Do you ever ask: "If Jesus is who He says He is, why don't I see Him more clearly?" St Thomas had the same doubts when his brother disciples told him that Jesus had resurrected. Jesus heard his plea and answered it: "Then He (Jesus) said to Thomas, "Put your finger here, and see my hands; and put out your hand, and place it in my side; do not be faithless, but believing ... Thomas answered him, 'My Lord and my God!'" (John 20 27-28).
Yet if Thomas got such a visible sign, why does it seem we are left in the dark? Could it be that we don't know how to listen? Look at communication in today's world for example. So much of the media is overpowering. It ranges from the lyrics of rap music to the pulsating beat of rock and roll, to commercials played everywhere it seems, even to Muzak in bathrooms and television in fast food shops -- all of it is calculated to appeal to the senses. Some Christian churches even lace their services with splashy music and Las Vegas style light shows. What does any of this have to do with God?
We have all this noise and distraction because the world wants to hold us captive, and the path to our incarceration is through the senses. The human body can be captivated by the senses. Sounds, smells, tastes, and what our eyes behold can become an intoxicating delight. And when it wears off, it takes more sounds, stronger smells and tastes, and greater visual stimulation to renew the intoxication.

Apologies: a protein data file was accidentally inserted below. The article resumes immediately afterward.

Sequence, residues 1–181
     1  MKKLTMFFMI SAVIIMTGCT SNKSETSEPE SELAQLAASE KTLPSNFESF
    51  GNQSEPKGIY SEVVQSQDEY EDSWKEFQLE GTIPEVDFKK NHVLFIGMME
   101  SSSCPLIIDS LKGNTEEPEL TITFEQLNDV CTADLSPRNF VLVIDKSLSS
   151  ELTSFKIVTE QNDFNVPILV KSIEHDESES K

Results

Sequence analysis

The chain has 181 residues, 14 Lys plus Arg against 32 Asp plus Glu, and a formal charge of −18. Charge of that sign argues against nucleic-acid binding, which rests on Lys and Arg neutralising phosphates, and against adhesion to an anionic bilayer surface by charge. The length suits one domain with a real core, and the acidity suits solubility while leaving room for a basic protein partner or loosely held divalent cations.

But whose work is this: God's or the evil one?
The Church Fathers noted the problem years ago. St. Ilias the Presbyter wrote: " ... the light of the spirit has grown dim within the soul, whereas the light of the sensible world shines more brightly within it" (Philokalia III). What St. Ilias means is that a person drunk on sensory stimulation will crowd out the light that burns naturally in the soul. Push it aside far enough and the light will dim to almost nothing.
How do we find God? "God is a Spirit, and those who worship Him must worship Him in Spirit and in Truth," the Scripture teaches (John 4:24). The worship begins with a silencing of the heart and mind so that the soul can receive Him. St. Didochos of Photiki said: ".. but where there is richness of the Spirit, no speech is possible. At such a time the soul is drunk with the love of God and, with voice silent, delights in His glory" (Philokalia I). He means that the focusing on sensory things alone cannot lead us to God. Further, when the focusing becomes extreme we enter idolatry.